Evaluating and Predicting the Effects of Vibration from Construction and Use of Transportation Structures on Buried Archaeological Deposits

Focus Area

Historic Preservation/Cultural Resources


Community & Cultural Concerns







Research Idea Scope

Purpose of research is to determine the potential effect to buried archaeological deposits from the construction and subsequent operation of transportation facilities.  Because the typical method of archaeological mitigation (data recovery) can be very time consuming and costly, the controlled burial of significant archaeological sites under highway fill or encapsulation under asphalt or cement has been implemented on occasion as an alternative, based on the presumption this essentially acts to preserve the archaeological deposits and the integrity.  However, little research exists to effectively evaluate vibration impacts, long term effects of vibration and compaction on archaeological sites nor the effectiveness of site burial as a mitigation measure. This project will gather base data for predictive modeling, synthesize this data with existing data and evaluate its applicability to archaeological issues, develop a framework for predictive modeling in evaluating adverse and cumulative impacts from transportation projects and assist in decisions as to appropriate mitigation measures.

 Specific objectives include:

1. To determine the levels, depth, distance and effects of vibration from the construction and use of transportation structures in differing subsurface environments. What are the degrees of compaction and mixing results from vibration levels over the short and long term in various types of sediments from construction and facility use?

 2. What research literature is currently available concerning the surface and subsurface effect of vibration during construction and use of transportation facilities; can this be applied to archaeological issues? Vibration data is recorded on test pile(s) for analysis prior to driving piles during bridge construction. Geologic cores are taken early in the project design phase to determine engineering design requirements. What form does this data take? Can this data, from previous construction projects, be used to interpolate vibration levels and possible damage to buried deposits in projects with similar subsurface stratigraphy? This knowledge would allow for more accurate assessment of effects on archaeological resources and the built environment at no extra cost for the agency. A body of data exists on the effects on surface and subsurface waves from earthquakes. Data also exists on vibration effects from trains on soil and nearby structures. Do engineering studies, modeling, experimental data already exist on effects of vibration on different types of subsurface deposits that can be applied to similar archaeological subsurface sediments?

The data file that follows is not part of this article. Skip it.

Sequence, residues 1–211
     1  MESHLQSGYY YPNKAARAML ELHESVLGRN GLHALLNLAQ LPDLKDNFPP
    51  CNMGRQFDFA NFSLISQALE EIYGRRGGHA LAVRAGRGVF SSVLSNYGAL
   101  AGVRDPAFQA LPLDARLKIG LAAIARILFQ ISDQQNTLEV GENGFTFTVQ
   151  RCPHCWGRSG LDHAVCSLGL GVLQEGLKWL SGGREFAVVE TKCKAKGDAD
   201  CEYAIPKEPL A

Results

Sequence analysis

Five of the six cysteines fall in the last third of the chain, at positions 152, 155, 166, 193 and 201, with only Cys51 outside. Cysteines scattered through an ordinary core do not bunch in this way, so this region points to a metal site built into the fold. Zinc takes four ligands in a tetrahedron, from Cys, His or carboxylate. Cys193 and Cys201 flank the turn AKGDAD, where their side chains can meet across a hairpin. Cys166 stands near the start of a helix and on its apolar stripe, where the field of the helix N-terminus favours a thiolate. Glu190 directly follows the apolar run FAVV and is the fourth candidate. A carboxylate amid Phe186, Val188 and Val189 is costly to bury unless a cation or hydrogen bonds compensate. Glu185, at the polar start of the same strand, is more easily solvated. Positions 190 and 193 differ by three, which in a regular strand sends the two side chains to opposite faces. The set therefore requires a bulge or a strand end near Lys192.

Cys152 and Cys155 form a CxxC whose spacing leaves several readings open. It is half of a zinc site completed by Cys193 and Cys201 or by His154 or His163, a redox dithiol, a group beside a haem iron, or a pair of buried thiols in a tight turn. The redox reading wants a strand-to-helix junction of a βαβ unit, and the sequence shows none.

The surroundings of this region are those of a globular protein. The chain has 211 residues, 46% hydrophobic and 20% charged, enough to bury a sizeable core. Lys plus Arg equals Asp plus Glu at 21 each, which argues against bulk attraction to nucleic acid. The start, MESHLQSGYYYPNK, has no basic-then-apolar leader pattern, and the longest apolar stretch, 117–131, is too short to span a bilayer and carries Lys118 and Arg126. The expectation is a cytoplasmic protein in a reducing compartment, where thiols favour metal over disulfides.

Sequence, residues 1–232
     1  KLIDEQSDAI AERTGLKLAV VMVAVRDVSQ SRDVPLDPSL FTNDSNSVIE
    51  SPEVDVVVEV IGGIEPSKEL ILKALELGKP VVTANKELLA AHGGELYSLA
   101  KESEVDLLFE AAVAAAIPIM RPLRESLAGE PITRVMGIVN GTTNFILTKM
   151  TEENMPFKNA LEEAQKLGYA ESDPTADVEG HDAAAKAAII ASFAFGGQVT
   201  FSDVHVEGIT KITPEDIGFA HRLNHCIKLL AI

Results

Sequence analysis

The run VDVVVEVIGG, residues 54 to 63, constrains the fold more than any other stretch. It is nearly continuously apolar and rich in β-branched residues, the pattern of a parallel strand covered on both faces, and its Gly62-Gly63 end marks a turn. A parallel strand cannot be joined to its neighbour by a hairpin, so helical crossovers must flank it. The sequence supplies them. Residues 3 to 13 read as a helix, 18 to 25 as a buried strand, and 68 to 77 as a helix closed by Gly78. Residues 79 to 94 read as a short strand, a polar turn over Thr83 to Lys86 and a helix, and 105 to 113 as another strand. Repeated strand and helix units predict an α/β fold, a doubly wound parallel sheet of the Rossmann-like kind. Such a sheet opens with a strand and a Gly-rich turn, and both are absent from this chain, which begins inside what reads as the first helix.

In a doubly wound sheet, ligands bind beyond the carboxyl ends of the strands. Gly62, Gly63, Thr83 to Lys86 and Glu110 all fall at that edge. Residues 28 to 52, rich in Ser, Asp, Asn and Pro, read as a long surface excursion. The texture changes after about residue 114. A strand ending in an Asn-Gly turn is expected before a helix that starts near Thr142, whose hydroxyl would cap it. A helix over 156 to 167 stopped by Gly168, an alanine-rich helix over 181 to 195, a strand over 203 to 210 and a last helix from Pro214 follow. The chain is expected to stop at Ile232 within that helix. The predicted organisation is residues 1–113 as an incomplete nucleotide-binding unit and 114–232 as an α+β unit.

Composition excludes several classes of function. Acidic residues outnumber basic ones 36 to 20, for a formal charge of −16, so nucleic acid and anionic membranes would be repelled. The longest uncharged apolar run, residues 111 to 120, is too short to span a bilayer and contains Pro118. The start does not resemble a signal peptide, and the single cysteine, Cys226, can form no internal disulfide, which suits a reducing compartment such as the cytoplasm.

3. What effects does vibration have on archaeological materials? What are the thresholds for these effects? (i.e. does vibration and the resulting compaction only effect the individual artifacts or is vibration significant enough to also destroy stratigraphic relationships? What are the vibration thresholds for these effects in the short and long term?)

Once disseminated in print and by electronic media, the findings of this study may be incorporated by transportation agencies, in consultation with their preservation partners, on a project-by-project basis, or in programmatic stewardship/streamlining agreements.

Urgency and Payoff

The results of this study will supply transportation agencies with the necessary information to evaluate:

  • The effectiveness of controlled archaeological burial under or near transportation structures with varying subsurface stratigraphy.
  • Develop predictive models for vibration impacts on cultural resources from construction and use of transportation structures in the short and long term.
  • To help justify the extent of data recovery and costs to regulatory agencies, when burial and encapsulation is not an appropriate preservation strategy.
  • To develop specifications for design and construction techniques and/or site burial requirements.
  • This type of information will improve accuracy of evaluation effects, identify issues early in the process which can effect project timelines and ultimately cost, improve decision making.  The end result will provide highway planners and preservation personnel with a valuable tool to assist in project streamlining while at the same time broaden opportunities for better stewardship of archaeological resources. 

The community which will benefit from this research includes AASHTO, FHWA, local transportation agencies, State Historic Preservation Officers (SHPOs), the National Conference of State Historic Preservation Officers (NCSHPO), the federal Advisory Council on Historic Preservation, the National Park Service, environmental and engineering consultants.

Suggested By

John Hartley, FHWA/TRB ADC50, Telephone: 405-605-6040 x 316

[email protected]